We conducted this study to examine preschoolers' use of situational information in forming attributions about others' naturally occurring, spontaneous emotions. Preschoolers were observed and interviewed about the reasons for other children's naturally occurring emotional reactions as well as about their own strategies for ameliorating others' negative affect. It was found that preschoolers were accurate in identifying the situational determinants of others' real emotions and that their strategies for remediating negative affect in others were consistent with the type and attributional basis of the emotion to be altered. Moreover, children used contextual information in significantly different and meaningful ways across and within emotions. For example, children's causal explanations for others' emotional reactions were significantly less likely to be focused on the emitter's behavior for anger reactions, whereas they were significantly less likely to be focused on the eliciter's behavior for sad reactions. The results are consistent with the conclusion that preschoolers are responsive to contextual information in formulating judgments about others' spontaneous emotions and are discussed in terms of current research concerning children's emotional behavior and reasoning.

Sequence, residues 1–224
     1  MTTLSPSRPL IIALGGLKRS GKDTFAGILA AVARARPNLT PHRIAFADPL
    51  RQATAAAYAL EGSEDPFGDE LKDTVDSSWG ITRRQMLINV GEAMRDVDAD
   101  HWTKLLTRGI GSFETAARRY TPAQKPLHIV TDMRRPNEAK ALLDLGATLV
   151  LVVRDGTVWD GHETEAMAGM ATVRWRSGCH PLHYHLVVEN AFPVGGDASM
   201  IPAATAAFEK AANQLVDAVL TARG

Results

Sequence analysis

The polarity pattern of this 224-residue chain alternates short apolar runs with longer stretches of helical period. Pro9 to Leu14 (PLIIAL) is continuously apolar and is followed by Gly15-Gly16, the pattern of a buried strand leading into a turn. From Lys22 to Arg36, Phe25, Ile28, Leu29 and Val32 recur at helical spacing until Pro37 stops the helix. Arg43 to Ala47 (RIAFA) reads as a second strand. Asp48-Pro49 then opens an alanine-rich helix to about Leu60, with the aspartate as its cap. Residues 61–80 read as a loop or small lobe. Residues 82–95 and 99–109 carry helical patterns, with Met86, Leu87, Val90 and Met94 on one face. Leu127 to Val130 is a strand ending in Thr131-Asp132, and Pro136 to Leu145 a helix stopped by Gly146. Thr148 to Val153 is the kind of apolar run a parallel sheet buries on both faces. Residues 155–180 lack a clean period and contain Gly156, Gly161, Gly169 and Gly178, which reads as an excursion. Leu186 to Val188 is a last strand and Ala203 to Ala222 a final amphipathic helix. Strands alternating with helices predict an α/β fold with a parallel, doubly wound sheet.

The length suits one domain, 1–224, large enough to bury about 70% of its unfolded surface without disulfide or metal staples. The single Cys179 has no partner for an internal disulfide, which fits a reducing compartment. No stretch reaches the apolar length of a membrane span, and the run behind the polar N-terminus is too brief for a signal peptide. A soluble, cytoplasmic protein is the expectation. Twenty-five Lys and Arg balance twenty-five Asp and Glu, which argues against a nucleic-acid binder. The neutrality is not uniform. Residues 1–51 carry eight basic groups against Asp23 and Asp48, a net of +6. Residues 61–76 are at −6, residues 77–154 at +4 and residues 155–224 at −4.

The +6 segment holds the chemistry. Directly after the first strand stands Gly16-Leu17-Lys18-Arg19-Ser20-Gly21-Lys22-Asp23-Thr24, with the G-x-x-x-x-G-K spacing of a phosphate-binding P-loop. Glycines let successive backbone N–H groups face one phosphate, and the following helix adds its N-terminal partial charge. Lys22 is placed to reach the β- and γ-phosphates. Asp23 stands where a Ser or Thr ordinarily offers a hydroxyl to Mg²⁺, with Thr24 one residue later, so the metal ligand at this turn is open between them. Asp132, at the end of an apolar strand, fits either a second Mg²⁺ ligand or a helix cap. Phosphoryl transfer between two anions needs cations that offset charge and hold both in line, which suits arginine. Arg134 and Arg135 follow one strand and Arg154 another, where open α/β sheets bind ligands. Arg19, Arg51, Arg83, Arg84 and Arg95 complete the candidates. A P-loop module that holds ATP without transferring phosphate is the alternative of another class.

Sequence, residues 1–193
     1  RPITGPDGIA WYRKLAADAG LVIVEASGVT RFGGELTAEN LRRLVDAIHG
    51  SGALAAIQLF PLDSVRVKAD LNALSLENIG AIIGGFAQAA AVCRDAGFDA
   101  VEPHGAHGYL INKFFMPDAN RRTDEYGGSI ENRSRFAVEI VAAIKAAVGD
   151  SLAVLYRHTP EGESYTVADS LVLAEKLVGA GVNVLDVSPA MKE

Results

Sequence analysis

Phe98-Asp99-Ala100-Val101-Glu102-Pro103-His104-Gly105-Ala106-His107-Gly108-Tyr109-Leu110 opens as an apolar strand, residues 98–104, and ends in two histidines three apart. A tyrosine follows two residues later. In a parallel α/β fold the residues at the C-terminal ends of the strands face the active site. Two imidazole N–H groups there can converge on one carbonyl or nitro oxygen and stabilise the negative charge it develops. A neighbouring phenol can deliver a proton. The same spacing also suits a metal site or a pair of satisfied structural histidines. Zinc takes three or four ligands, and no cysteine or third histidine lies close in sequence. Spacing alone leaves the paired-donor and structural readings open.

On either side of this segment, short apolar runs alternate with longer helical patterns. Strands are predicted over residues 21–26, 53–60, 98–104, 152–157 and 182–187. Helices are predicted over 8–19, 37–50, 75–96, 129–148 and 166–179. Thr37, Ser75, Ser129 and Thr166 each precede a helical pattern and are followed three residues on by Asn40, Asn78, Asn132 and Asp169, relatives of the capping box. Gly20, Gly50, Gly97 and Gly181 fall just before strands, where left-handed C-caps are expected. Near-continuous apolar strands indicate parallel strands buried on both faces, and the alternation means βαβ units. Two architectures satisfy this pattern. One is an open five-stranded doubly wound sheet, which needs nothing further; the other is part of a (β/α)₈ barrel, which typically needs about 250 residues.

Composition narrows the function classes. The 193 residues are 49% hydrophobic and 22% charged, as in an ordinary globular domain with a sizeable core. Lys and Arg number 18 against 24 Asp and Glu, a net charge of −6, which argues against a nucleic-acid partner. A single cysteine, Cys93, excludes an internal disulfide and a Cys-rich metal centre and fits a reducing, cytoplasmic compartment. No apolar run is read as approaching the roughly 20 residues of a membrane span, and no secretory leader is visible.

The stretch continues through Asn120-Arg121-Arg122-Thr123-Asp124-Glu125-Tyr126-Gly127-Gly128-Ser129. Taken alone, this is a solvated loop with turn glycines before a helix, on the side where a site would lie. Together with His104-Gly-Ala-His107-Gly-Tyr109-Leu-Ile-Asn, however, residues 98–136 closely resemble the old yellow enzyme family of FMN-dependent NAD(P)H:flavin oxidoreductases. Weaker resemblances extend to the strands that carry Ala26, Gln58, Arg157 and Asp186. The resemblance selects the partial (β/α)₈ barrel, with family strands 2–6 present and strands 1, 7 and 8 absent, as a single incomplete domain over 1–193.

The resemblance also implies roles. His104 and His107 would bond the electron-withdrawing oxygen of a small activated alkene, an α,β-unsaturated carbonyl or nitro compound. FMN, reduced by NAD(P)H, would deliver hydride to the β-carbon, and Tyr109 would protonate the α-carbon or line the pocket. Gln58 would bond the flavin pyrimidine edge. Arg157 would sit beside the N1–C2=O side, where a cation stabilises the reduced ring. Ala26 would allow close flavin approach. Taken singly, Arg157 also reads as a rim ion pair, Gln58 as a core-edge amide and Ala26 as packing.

ASJC Scopus subject areas
- Developmental and Educational Psychology
- Life-span and Life-course Studies